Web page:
Are There Travel Restrictions with a DUI Conviction?

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Are There Travel Restrictions with a DUI Conviction?

Whether it’s for business, leisure, or visiting friends and family, many people rely on the ability to travel freely to other countries. But if you’ve been convicted of driving under the influence, you may need to rethink your travel plans. A DUI conviction can restrict entry into many countries around the world. However, it doesn’t always mean you’re prohibited from traveling at all. We put together this guide on the major countries that currently have DUI travel restrictions to help you plan your next trip. 

What Countries Impose DUI Travel Restrictions?


Driving under the influence is considered a serious crime in Canada. If you have a DUI conviction—no matter how long ago it’s from—you could be denied entry at the Canadian border. You can apply for a temporary resident permit or for criminal rehabilitation to try and become admissible, but neither of these applications will guarantee entry. 

If you want to try to get a temporary resident permit, you must be able to prove that your reason for entering the country is justified. You must also pay the $200 CAD processing fee.

If applying for criminal rehabilitation, you must meet all of the eligibility requirements. One of those requirements is that it must have been at least five years since you committed the crime or completed your sentence. 


In Mexico, a DUI is considered an indictable offense, which is similar to a felony. Felons are prohibited from entering the country, no matter their crime. In most cases, a DUI conviction within the past ten years means you will be denied entry to Mexico. 


If your DUI conviction carries a sentence of 12 months or more, you will be denied entry to Australia. This restriction applies even if you did not serve the full sentence or if the sentence was suspended. And, if your sentence is less than 12 months, Australia may still deny entry if you fail their character check requirements. However, you may be able to apply for a visa to enter the country.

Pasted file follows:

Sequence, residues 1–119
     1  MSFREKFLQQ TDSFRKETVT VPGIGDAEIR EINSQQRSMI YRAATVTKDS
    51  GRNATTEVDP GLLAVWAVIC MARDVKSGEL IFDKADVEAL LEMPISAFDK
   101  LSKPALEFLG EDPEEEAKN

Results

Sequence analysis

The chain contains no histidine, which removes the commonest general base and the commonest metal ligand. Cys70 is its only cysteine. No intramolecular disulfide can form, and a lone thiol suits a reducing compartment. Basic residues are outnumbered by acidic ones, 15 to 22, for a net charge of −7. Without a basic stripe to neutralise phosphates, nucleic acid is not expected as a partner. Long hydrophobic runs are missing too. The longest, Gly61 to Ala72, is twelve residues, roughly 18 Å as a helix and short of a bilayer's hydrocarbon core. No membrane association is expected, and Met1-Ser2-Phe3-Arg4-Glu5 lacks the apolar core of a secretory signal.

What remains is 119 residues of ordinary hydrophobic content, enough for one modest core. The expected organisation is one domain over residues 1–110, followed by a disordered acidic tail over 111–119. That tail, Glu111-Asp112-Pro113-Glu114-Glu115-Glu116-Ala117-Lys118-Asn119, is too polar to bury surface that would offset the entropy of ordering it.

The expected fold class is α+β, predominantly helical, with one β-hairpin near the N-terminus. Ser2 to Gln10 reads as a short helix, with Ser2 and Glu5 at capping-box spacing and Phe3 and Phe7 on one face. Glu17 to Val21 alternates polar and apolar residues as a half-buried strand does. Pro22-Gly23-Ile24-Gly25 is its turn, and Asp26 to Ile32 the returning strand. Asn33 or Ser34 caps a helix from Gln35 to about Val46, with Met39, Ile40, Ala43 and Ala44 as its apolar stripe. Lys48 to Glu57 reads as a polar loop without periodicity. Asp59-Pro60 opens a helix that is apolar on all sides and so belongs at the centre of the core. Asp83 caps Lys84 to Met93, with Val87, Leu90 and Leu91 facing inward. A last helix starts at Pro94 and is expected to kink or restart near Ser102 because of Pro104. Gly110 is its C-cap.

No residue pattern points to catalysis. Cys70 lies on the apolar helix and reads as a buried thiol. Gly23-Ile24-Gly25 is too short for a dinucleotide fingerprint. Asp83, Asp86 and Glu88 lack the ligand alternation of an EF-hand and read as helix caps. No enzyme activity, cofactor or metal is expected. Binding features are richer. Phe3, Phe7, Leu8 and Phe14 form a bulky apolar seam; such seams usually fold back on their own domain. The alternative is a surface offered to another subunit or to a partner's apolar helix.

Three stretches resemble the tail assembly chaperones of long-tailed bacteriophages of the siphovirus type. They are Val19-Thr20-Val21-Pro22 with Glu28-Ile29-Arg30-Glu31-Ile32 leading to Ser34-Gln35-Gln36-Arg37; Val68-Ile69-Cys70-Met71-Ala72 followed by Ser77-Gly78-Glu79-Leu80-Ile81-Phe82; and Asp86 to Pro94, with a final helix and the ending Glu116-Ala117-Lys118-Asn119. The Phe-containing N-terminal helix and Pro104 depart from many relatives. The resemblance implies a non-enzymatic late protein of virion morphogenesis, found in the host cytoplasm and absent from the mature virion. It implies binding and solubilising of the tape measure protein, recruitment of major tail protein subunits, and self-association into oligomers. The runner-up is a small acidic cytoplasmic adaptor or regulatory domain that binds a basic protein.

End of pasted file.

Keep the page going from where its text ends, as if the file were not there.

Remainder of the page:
New Zealand

As in Australia, a prison sentence of 12 months or more for a DUI may prohibit you from entering New Zealand. However, if the conviction was from within the past five years, you may be able to apply for a good character waiver in order to gain entry. You may be allowed entry if the prison sentence was less than 12 months, unless you are unable to meet the good character requirement. Otherwise, you may be able to apply for a visa. 

Japan, China, and Malaysia

Depending on the length of the sentence, Japan, China, and Malaysia will deny entry to anyone with a DUI conviction. Lying about a DUI conviction is an even greater offense, and will most likely be caught by the country’s extensive background check. However, being honest about your offense and having a travel waiver may allow you to enter. 

Iran and the United Arab Emirates

In Islamic nations, alcohol is considered unlawful. Countries like Iran and the United Arab Emirates (UAE) most likely will deny you entry if you have had a DUI conviction at any point in your past. You may even be denied a visa if you have a DUI. 

Where Can You Travel with a DUI?

European Union

Unless there are aggravating factors to your conviction, you can typically travel freely between any countries in the European Union. Although the United Kingdom is no longer part of the union, they have not imposed any DUI travel restrictions, so you can still travel to the UK as well. 

Across State Lines

You are also free to travel across the United States with a DUI conviction. However, each state’s DUI laws are different, so being charged in other states during your trip will come with varying degrees of penalties.

If you have any outstanding DUI charges, you must deal with them before leaving the state where you were charged. Crossing state lines before your charge is addressed could result in harsher fines. 

DUI Defense Attorney in Scottsdale

If you’re facing a DUI charge, you need the help of an experienced criminal defense lawyer. The team at Van Norman Law in Scottsdale, Arizona will fight for the best possible outcome for your case. 

It’s essential that you address any outstanding charges before you travel to another state or country, so please don’t hesitate to contact us. Call 480-481-0616 to schedule a free consultation.


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